General Dentistry |2 min read

– Exposure to Fluoride –

There is currently a debate underway regarding the appropriate levels of fluoride that are being consumed by Canadians. For those of you that are unaware, fluoride is a natural mineral that is proven to have a positive effect on oral health by making teeth more resistant to decay. It can be delivered in many ways, such as in your toothpaste and water supply, or by getting fluoride treatments from your dental provider.

Fluoride vs. Toothpatse

According to the Canadian Dental Association, fluoridated toothpastes should be used twice a day. However, there are certain guidelines that need to be followed when dealing with the application of fluoride on children’s teeth:

Children from birth to age 3 should have their teeth and gums brushed regularly by an adult. Parents should consult their dentist by their child’s first birthday to determine whether they are at risk of developing tooth decay. If such risk exists, they should be brushing their child’s teeth with a minimal amount of fluoridated toothpaste (about the size of a grain of rice) and encouraging them not to swallow it. If the child is not at risk, they should have their teeth brushed only using a toothbrush moistened with water.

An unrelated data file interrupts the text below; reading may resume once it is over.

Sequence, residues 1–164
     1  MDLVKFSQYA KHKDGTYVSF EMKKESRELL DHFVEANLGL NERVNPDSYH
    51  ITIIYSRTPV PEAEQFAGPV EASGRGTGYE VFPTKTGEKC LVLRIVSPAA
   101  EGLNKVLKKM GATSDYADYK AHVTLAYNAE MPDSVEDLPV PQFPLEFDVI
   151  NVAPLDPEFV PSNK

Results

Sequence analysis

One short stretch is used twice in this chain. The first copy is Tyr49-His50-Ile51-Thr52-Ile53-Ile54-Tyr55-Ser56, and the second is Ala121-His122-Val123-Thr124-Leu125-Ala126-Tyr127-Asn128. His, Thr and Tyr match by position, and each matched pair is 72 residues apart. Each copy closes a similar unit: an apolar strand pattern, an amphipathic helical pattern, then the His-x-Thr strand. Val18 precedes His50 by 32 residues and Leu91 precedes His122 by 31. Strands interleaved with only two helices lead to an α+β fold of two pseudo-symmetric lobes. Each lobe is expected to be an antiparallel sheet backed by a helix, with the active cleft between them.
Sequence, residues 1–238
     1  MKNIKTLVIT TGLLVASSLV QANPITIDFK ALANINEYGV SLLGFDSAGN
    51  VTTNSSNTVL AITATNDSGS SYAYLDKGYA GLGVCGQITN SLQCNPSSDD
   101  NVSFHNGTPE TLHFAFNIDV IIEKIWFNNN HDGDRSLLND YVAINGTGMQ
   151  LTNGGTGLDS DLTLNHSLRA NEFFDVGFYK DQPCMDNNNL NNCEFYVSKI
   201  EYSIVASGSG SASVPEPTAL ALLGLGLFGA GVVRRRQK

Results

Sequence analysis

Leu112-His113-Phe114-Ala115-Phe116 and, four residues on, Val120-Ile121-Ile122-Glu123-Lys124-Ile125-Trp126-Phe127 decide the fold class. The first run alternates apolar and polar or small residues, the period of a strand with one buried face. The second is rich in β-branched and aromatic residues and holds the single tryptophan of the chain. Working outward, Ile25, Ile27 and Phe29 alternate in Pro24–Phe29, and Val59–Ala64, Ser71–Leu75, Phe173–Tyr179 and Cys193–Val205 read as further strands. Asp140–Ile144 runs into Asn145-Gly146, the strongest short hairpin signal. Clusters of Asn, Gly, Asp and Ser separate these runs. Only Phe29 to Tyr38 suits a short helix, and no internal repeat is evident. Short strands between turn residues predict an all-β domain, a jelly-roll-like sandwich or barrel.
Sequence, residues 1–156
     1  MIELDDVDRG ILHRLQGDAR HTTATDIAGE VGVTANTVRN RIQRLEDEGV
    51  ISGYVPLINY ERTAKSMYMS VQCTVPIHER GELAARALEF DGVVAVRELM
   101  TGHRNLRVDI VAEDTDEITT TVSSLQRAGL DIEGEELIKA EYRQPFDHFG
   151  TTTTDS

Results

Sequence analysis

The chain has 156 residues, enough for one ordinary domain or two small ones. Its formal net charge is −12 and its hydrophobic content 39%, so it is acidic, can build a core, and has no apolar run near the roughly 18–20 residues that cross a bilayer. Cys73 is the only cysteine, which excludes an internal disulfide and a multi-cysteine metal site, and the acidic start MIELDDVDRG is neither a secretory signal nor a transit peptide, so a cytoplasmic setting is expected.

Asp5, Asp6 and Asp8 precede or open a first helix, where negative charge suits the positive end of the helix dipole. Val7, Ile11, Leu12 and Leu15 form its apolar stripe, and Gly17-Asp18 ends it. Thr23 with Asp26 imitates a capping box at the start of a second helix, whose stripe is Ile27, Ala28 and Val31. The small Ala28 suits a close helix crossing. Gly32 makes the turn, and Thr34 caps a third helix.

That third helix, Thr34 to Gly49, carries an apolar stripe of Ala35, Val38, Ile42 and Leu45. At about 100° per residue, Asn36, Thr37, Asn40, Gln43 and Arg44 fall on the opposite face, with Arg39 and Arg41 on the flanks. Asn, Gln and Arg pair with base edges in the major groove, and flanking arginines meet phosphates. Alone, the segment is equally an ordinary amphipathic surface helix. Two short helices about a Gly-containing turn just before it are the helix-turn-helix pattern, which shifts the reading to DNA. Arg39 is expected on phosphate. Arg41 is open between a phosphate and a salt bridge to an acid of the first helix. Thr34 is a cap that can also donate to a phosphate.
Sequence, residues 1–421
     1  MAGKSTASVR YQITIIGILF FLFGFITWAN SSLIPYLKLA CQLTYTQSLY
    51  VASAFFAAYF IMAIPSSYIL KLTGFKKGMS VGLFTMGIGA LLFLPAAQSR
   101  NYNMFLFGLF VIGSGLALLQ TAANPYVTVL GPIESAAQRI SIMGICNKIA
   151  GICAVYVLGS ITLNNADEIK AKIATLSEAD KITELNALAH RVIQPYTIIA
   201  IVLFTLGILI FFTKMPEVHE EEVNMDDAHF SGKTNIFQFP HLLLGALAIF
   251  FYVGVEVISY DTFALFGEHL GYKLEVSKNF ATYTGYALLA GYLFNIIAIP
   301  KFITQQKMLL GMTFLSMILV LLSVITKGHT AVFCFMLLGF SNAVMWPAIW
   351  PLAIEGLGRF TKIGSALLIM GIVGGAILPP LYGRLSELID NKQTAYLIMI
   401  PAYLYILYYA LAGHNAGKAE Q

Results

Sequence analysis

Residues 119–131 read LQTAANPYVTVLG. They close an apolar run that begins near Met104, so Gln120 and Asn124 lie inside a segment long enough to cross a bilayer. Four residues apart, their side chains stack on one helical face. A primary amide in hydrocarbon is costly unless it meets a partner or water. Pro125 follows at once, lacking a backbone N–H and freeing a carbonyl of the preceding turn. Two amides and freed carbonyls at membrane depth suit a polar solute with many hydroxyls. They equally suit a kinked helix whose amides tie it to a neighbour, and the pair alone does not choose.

From the ages of 3 to 6, children should be assisted by an adult while brushing their teeth. The amount of fluoridated toothpaste they should be using should be only the size of a green pea. Fluoride mouth rinsing is not recommended for children under the age of 6.

Fluoride vs. Drinking Water

The Canadian Dental Association and our team at Destination Dentistry in Lethbridge are in acceptance of the fluoridation of municipal drinking water. Having minimal levels of fluoride in our water supply and having it regularly monitored and adjusted to avoid fluctuations is considered a safe and effective way to prevent dental caries in all members of the community. A healthy balance should be maintained to properly receive the benefits of preventing tooth decay and avoid the risk of developing dental fluorosis, a change in the appearance of teeth from higher than optimal consumption of fluoride (most noticeably appears as small white flecks on a child’s tooth).

“Provided that the daily intake of fluoride is carefully monitored, fluoride is considered to be a most important health measure in maintaining oral health for all Canadians.” CDA

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